• Both motherboard and CPU was pulled out of working PCs as I know. I got motherboard from my father's office (and I believe it shouldn't have any problem) and my friend gave me CPU which he wasn't using anymore as he got PC upgrade. So how can you think what those bluescreens can be caused by? I even get BSODs while browsing, photoshoping, gaming, or just when PC is idle. And I don't get only 1 error, I get several ones. I've searched for solutions for particular error codes but nothing helped. Mostly recently I get dxgmm1.sys and system service exception errors. Here are 4 minidump examples:

    1 (got this only once)
    2 (most common one - dxgmms1.sys)
    3 (I get this one rarely too)
    4 (I got this one while writing this article)

    I will be really glad if you help me out of this. I've been suffering for months!
    Thanks in advance!
    CosmicDance June 11, 2019
    RAM only works properly in matching identical pairs.
    Try it with just 1 stick and see how it runs.
    If it is stable then buying a pair of RAM sticks which are identical should alleviate your crashes.

    SophusVir October 22, 2019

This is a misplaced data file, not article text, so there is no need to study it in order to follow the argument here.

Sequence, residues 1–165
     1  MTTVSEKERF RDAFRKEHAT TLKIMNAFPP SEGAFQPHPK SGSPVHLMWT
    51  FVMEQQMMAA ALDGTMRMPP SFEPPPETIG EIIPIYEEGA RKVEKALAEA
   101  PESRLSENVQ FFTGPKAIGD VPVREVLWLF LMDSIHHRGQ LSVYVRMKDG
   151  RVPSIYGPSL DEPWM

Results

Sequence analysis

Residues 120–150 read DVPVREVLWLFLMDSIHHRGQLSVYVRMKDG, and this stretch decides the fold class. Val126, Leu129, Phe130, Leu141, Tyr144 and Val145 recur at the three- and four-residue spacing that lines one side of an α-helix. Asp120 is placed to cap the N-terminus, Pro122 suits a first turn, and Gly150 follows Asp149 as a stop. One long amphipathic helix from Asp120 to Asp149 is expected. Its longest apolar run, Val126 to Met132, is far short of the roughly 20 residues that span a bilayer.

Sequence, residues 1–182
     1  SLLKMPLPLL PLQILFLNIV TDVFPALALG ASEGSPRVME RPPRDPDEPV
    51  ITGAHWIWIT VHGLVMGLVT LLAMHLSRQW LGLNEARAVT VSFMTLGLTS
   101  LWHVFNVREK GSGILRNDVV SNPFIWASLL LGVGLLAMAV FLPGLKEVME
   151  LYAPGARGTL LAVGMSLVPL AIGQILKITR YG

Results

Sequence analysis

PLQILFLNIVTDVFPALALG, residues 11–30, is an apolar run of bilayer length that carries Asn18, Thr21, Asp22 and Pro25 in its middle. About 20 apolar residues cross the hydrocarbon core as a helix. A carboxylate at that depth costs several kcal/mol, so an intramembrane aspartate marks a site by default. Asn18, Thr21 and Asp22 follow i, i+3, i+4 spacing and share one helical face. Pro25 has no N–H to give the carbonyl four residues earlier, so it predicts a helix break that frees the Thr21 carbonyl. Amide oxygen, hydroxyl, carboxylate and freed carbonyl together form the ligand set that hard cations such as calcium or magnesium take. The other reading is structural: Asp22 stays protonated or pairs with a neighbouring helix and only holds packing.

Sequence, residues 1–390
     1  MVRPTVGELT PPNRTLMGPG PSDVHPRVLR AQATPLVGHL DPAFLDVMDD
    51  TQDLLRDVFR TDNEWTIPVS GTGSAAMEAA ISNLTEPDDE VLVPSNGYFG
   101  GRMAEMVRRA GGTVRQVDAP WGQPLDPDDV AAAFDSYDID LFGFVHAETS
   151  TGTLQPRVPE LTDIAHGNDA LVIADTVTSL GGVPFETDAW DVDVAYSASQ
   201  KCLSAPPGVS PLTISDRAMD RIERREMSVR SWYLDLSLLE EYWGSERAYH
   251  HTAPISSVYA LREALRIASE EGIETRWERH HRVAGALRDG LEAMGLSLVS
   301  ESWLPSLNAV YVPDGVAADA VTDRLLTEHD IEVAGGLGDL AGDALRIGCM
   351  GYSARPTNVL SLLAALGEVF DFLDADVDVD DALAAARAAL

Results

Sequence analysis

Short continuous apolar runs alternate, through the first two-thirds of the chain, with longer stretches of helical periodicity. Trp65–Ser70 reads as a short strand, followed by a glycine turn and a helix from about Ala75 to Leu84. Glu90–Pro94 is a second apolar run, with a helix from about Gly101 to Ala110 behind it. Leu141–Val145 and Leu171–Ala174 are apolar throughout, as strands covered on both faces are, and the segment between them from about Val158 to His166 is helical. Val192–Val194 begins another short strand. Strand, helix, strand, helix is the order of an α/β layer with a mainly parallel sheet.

Help Requested: The system suddenly shuts off, won't turn on.

  • CPU: i7-5820k
  • CPU: EVGA 980ti
  • PSU: EVGA SuperNOVA 850w atx12v
  • MB: Gigabyte GA-X99-SOC Champion LGA 2011-v3
  • 32 gigs of DDR4
  • Story: So for the longest time I've been using this as a gaming pc and in the past couple of years a number of my games would cause my video to outright crash showing a blank/brown screen and then reset or fully crash my pc with a loud lockup sound that required power kill. Time and time again this happened and finally today my pc just straight up shuts off and after fiddling with it I found that if I remove the GPU the system turns back on with no issue.

    Afterward, I moved the card around to various slots on my MB and got the same reaction. If the GPU is installed and has power going to it the system will not power on yet if it is installed and not powered the system will run and the fans on the GPU turn and then tell me that I need to power up my GPU on the screen. After a while, I decided to toss in an older video card and sure enough, it booted right up with no issue at all besides being an ancient 9800 GTX with 512 megs of ram.